### Friday, October 13, 2006

## Coins in jars?

You have a gallon container (cylindrical bucket) filled with quarters and an equivalent gallon container filled with dimes. Assuming that you tossed the coins randomly into the containers, which has more money?

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Dump out those buckets and use some of the change to buy fifty feet of copper tubing, several gallons of resin epoxy, and several pounds of quartz crystal chips. I would then chop twist and dice the remaining coinage.

Following a simple recipe found nearby http://educate-yourself.org/ct/goodbyects10jan02.shtml, I would use the one gallon buckets to resist chemtrail weaponry.

Following a simple recipe found nearby http://educate-yourself.org/ct/goodbyects10jan02.shtml, I would use the one gallon buckets to resist chemtrail weaponry.

this feels like a skill testing question....shouldn't the one with quarters have close to precisely 2.5 times the value than the dimes? Assuming the value of each coin is even close to accurate...25 cents worth of nickel alloy should have 2.5 times the volume of 10 cents worth of nickel alloy.

Damn! Now I'm going to want to know the 'empirical' answer to this question!

Although I'd like to take up Cloudbusting too.

Damn! Now I'm going to want to know the 'empirical' answer to this question!

Although I'd like to take up Cloudbusting too.

amelopsis: your logic is too simplistic: dimes are smaller than quarters and the value is not based on the metal's value but on the face value.

i found a good analysys here http://www.jhu.edu/~jhumag/0904web/letters.html

i found a good analysys here http://www.jhu.edu/~jhumag/0904web/letters.html

Since I'm not going to fill two buckets & count them, I have to picture it. Considering the size of the coins & space left between them as they fill up, I see more space occupied by a quarter as opposed to three dimes, & more space left between coins by quarters.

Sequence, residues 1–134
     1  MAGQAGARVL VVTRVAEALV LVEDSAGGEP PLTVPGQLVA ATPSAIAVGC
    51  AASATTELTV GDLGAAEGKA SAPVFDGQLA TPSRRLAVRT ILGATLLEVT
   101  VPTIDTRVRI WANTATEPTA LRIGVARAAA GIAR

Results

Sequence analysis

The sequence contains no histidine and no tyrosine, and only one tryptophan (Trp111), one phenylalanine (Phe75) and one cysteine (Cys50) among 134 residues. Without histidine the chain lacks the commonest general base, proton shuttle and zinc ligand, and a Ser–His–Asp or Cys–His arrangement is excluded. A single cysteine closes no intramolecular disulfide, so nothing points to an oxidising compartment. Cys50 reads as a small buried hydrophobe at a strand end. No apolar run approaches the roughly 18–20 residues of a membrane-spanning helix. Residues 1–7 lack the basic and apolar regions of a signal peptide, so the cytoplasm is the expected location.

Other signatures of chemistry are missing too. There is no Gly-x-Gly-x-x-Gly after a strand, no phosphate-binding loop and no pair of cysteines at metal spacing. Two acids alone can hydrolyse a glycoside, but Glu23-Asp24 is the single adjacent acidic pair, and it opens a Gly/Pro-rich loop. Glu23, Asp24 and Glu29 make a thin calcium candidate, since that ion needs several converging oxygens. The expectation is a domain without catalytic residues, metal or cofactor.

I guess the dimes to be worth more.

I guess the dimes to be worth more.

Assuming a dime has a height of 1/32 of an inch and a diameter of 11/16, each dime will take up 0.01159 cubic inches or 0.001159 cubic inches per cent.

Assuming a quarter has a height of 1/16 of an inch and a diameter of 15/16, each quarter will take up 0.04312 cubic inches or 0.001724 cubic inches per cent.

Since the dimes take up less room per cent (assuming there are no spaces between each dime) the gallon of dimes will be worth more.

Gallon of Dimes: $1993.10

Gallon of Quarters: $1340.00

Assuming a quarter has a height of 1/16 of an inch and a diameter of 15/16, each quarter will take up 0.04312 cubic inches or 0.001724 cubic inches per cent.

Since the dimes take up less room per cent (assuming there are no spaces between each dime) the gallon of dimes will be worth more.

Gallon of Dimes: $1993.10

Gallon of Quarters: $1340.00

If you are looking for the amount of money in the buckets, there are more dimes than quarters based on their respective sizes, therefore, there is more money in the bucket with dimes.

nice question, i like it. very clever... you can also check my value of coins directory. you will like it too.

I calculate the volume of $1.00 in dimes to be 3401.06 mm^3 and $1.00 in quarters to be 3233.08 mm^3. However, I would guess that because of the relative bulkiness of the quarters, their will be more wasted space in between the quarters than the dimes. So which bucket is worth more? No clue.

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